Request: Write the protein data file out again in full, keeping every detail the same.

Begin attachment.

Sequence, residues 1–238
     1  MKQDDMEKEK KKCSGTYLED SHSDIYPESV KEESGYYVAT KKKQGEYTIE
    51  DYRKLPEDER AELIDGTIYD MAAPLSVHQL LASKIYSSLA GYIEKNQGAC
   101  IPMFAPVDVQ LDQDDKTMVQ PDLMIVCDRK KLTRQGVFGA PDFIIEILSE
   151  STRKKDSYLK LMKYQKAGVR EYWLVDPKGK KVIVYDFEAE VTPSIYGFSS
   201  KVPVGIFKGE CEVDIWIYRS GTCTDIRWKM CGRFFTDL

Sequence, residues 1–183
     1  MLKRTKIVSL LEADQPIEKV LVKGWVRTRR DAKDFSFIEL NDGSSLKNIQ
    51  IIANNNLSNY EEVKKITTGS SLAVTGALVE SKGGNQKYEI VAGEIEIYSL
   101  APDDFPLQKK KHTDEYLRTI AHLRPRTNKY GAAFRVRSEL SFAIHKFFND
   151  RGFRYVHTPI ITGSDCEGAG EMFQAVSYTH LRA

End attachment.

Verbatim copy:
Sequence, residues 1–238
     1  MKQDDMEKEK KKCSGTYLED SHSDIYPESV KEESGYYVAT KKKQGEYTIE
    51  DYRKLPEDER AELIDGTIYD MAAPLSVHQL LASKIYSSLA GYIEKNQGAC
   101  IPMFAPVDVQ LDQDDKTMVQ PDLMIVCDRK KLTRQGVFGA PDFIIEILSE
   151  STRKKDSYLK LMKYQKAGVR EYWLVDPKGK KVIVYDFEAE VTPSIYGFSS
   201  KVPVGIFKGE CEVDIWIYRS GTCTDIRWKM CGRFFTDL

Sequence, residues 1–183
     1  MLKRTKIVSL LEADQPIEKV LVKGWVRTRR DAKDFSFIEL NDGSSLKNIQ
    51  IIANNNLSNY EEVKKITTGS SLAVTGALVE SKGGNQKYEI VAGEIEIYSL
   101  APDDFPLQKK KHTDEYLRTI AHLRPRTNKY GAAFRVRSEL SFAIHKFFND
   151  RGFRYVHTPI ITGSDCEGAG EMFQAVSYTH LRA